This unifying role of Osmania University served as the cultural bond between the different communities of India. Osman Ali Khan, as the Ruler of an Islamic state, had a great ambition to revive by the establishment of Osmania University and the past splendours of the Muslim rulers in the field of Learning and Culture. The Osmania University had not only done a great thing for the Hyderabad state, but by establishing the university, Mir Osman ali Khan had also done a great service to the whole of the country. Through Osmania University, knowledge and culture spread through the state and before the establishment of Osmania University, Hyderabad was very backward educationally compared with the British Indian Provinces. From the very beginning of Osmania University, Sanskrit and Marathi were included as second languages in its curricula. Taking these things into consideration, members of other communities were to be included in the Academic faculty and in the Senate of Osmania University.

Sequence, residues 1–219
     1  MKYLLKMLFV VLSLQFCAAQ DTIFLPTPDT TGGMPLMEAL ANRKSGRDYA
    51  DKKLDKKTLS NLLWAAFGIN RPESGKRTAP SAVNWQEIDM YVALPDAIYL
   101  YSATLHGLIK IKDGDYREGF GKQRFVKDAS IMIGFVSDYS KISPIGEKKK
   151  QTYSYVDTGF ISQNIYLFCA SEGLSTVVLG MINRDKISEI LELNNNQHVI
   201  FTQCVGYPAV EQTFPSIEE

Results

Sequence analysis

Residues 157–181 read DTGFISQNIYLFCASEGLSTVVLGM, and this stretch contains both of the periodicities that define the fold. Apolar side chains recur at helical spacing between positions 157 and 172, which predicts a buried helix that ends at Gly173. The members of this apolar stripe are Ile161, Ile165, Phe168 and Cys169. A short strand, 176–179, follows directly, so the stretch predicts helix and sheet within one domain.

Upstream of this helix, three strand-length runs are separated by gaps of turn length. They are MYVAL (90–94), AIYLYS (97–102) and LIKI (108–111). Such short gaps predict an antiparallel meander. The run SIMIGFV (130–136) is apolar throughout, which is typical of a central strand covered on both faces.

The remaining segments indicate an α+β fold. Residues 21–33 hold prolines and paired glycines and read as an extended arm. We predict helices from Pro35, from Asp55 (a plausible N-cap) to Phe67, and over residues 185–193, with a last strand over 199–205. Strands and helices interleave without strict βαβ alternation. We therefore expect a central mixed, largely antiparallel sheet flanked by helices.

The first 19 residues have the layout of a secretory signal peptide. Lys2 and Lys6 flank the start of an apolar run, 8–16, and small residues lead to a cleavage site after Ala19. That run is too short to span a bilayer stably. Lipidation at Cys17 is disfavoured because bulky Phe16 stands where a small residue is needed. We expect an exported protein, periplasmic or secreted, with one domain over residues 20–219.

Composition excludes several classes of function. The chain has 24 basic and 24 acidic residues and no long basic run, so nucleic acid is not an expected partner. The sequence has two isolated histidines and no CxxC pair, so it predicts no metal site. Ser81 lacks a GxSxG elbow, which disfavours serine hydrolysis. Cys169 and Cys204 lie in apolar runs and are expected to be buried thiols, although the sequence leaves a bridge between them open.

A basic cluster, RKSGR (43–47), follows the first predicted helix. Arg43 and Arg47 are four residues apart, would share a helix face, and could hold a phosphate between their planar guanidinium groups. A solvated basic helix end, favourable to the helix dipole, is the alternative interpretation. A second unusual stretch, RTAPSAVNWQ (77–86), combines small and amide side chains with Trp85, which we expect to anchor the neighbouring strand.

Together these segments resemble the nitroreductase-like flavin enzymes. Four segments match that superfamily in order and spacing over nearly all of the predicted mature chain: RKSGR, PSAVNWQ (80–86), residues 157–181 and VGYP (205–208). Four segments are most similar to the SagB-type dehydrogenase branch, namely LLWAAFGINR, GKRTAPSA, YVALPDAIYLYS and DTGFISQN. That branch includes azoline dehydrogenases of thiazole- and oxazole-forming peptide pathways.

Finally, Osman Ali Khan also believed that Osmania University besides making higher education universal should also become recognised as an important centre for carrying out research in the academic fields, both in the humanities and in the sciences. Accordingly by 1936, Osmania University had established post graduate courses and research facilities in all the Sciences: physics, chemistry, biology, medicine, engineering, metallurgy, as well as establishing the faculty of Law, Education and Teachers Training Courses. Also, with a view to reaching a high standard of proficiency in all these courses, the seventh Nizam was very vigilant that the Professors and Lecturers in all these faculties should be men of high calibre and good character.
Thus, Osmania University by 1948, had reached its full stature, at both graduate and post graduate levels. Its degrees were accepted not only by the other Indian Universities, but by the British Universities as well. And its graduates had started to play their full role, educationally, politically, socially and culturally in the life of their states, as well as in the life of their country as a whole.